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CollectionsPosted Monday, November 29, 2010, at 9:33 AM
It's become one of those humorous stories that just keep rolling on.
This fall I was asked by a Girl Scout leader to work with her girls on the "God and Me" award. For four consecutive Sunday afternoons I met with this group of spirited young ladies; maybe I was able to teach them but I sure learned a lot in the process!
We had a great time and all three received their award.
The materials from the national office "suggested" that we meet three hours each time.
I was given one hour each week.
The handbook told how the meetings "would" unfold. I discovered each hour had its own unique design.
One of the group projects was to have been a collage of sorts. We were to collect as many center rolls of toilet paper as possible. Then, at the final meeting we were to use them in creating ... a masterpiece (of some sort).
The masterpiece never happened. Indeed, the collage never materialized because of our rushed time. But we did collect center rolls of toilet paper.
We literally collected hundreds of them! As a bachelor I had no idea how many rolls were used by a family in a week. Certainly these people were going door to door asking their neighbors to donate their discarded rolls.
And, in all honesty, I asked people in my church to help me in keeping up with the girls. Several agreed to bring me their finished centerpieces and to place them in my box at the church. My mailbox is in a public hallway and they simply left them in my compartment.
But then they started disappearing ...
I would place three or four of them in my mailbox so that I knew where they were located. An hour later, I would go to collect them and they'd be gone. I would watch as friends placed into my mailbox their donations from home. By the afternoon those rolls would be gone.
What was going on here, I questioned to myself. My mind came up with all kinds of devious responses. One of the girls must be coming by and stealing them. One of the mothers must be dropping by during school hours and placing them in her daughter's sack. Somebody in the congregation wants me to lose in this contest. Or somebody else believes I'm being dishonored and so to protect my feelings is taking them before I find them.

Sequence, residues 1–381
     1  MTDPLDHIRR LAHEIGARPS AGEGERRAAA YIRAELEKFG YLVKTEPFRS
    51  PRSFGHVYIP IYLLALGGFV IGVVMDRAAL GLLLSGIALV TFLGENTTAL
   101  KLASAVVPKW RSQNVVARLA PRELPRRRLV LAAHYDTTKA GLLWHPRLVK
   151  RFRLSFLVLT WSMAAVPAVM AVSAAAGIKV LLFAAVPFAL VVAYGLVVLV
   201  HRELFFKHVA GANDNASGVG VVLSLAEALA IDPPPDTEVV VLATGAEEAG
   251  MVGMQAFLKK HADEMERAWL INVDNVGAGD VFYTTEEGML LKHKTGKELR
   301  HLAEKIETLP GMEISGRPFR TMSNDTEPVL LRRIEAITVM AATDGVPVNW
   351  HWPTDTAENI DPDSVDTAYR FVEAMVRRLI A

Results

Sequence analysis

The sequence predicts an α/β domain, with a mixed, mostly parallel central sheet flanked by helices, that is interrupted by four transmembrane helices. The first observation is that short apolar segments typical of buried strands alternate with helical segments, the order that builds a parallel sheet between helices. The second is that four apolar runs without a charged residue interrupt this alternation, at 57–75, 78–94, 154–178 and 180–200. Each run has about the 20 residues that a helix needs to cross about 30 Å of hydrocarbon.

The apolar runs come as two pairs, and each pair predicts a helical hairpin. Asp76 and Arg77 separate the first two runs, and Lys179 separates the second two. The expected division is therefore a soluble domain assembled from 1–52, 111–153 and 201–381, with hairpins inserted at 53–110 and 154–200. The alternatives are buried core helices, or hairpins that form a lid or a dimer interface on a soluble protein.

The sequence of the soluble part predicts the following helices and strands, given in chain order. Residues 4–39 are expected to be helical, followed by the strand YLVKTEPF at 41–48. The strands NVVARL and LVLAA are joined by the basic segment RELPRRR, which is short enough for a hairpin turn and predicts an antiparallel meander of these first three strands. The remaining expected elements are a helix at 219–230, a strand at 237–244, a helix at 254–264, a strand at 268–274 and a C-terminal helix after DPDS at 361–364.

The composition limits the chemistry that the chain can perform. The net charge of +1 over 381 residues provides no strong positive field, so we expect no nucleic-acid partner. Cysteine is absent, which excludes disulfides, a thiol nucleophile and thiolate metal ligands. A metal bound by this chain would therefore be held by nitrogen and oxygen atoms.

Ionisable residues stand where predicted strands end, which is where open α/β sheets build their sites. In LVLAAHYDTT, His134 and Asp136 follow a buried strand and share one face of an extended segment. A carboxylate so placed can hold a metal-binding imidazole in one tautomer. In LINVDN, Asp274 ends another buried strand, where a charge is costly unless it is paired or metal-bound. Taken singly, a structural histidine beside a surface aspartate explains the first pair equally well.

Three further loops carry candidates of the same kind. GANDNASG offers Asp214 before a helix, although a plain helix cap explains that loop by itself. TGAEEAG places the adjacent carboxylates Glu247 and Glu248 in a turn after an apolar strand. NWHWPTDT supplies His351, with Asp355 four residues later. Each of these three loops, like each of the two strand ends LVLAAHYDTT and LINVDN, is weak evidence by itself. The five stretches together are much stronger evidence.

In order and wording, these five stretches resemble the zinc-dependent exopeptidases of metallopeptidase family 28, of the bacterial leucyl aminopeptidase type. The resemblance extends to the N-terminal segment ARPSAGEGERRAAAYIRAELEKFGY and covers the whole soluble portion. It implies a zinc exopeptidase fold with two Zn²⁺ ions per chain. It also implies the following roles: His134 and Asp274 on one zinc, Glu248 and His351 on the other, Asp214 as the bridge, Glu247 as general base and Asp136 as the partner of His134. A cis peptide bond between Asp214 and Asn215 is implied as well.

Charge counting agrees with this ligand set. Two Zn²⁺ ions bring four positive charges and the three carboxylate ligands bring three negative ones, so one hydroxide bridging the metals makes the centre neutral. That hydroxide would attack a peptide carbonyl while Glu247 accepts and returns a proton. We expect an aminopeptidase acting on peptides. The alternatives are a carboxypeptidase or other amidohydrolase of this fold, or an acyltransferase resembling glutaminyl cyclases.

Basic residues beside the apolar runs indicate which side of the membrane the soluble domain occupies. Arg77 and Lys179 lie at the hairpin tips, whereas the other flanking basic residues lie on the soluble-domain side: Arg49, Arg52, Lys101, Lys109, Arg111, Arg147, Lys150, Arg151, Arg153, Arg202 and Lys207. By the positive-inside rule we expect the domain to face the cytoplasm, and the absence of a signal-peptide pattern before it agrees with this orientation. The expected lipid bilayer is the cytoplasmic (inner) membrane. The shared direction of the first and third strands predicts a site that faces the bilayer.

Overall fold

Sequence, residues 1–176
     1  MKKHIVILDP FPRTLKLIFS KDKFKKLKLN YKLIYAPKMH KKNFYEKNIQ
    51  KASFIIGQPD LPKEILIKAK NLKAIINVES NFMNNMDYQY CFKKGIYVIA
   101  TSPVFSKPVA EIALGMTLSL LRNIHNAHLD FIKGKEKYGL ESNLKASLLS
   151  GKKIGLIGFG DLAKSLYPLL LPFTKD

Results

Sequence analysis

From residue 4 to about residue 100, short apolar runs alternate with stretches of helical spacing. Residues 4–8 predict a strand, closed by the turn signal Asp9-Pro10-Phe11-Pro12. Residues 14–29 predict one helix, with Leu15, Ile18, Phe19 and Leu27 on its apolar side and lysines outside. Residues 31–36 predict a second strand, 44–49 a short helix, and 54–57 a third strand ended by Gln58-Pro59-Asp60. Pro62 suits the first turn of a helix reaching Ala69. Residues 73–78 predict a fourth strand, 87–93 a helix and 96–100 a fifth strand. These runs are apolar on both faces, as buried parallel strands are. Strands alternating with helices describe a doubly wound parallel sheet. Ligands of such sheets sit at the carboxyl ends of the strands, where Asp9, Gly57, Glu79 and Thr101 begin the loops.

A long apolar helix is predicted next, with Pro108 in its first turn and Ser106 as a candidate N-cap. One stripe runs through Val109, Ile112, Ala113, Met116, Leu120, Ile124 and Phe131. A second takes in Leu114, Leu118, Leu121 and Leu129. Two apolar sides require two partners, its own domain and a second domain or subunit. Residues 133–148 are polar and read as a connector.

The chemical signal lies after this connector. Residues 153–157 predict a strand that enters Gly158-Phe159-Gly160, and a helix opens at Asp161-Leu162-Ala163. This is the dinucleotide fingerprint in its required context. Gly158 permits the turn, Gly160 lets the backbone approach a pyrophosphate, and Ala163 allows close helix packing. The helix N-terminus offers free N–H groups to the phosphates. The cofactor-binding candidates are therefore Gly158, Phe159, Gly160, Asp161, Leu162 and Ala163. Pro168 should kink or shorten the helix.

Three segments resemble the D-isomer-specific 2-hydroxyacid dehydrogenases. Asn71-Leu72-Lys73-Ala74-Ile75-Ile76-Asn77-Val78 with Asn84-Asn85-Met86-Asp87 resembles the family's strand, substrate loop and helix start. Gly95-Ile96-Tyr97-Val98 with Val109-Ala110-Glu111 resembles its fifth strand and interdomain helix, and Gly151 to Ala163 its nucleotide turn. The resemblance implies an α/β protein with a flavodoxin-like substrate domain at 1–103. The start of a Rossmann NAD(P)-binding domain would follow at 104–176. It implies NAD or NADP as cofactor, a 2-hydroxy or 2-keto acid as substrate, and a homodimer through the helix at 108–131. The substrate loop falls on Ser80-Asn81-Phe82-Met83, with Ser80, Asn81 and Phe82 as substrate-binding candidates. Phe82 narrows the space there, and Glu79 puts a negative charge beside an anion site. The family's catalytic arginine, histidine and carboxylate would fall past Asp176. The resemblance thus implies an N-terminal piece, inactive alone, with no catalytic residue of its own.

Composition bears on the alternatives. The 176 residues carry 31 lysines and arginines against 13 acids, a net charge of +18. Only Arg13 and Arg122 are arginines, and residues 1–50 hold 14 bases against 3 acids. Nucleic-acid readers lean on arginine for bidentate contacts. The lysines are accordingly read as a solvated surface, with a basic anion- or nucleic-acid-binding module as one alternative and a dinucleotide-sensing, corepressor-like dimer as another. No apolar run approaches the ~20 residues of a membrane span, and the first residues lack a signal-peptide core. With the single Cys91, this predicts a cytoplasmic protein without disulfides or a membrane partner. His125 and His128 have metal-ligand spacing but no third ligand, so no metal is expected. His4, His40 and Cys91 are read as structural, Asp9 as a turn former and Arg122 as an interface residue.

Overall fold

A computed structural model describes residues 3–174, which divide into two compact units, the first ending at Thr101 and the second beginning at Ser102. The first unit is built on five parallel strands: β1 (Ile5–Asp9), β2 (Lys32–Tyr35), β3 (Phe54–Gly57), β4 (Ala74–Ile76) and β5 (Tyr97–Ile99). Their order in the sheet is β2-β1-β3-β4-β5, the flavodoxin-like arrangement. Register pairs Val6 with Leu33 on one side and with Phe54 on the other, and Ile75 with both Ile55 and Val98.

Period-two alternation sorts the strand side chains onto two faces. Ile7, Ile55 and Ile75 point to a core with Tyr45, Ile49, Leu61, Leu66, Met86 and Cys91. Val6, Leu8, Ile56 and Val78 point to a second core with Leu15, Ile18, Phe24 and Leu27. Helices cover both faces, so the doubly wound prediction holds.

To this day I have no idea what happened to all those center rolls. Yet, after several days this became one of those humorous symbols about life.
We get into all sorts of contests with others, even without realizing it. We come up with what we believe to be the best plans for making things turn out our way. And then .. the universe will present "variations" we didn't see coming. We may have all the help from others we could possible foresee needing and that doesn't change the outcome one bit. Beyond our understanding things turn out differently than planned. We're left to wonder why, who caused this unexpected outcome, who cheated us or schemed against us, or even who thought they were helping without knowing the "whole story."
Life is spiritually filled with such discarded centerpieces from one change after another. We often times want to hold on to the last symbol of the path we traveled or even the people we knew. We want to collect such symbols. We place a lot of value in our collections.
But in the end even these "disappear."
We have to continue on. Hopefully we'll come to laugh at our earlier notions that something or someone was out to keep us from the greatest good. Eventually we come to see that the best blessings are just ahead, further down this path, even after additional changes still to come.
Perhaps the greatest meaning in our life is not from the collections we obtain. Rather, the greatest meaning may be in our ability to roll through the changes.
P.T. Wilson is the senior pastor at Gobin Memorial United Methodist Church, Greencastle, and is also the University Chaplain at DePauw University.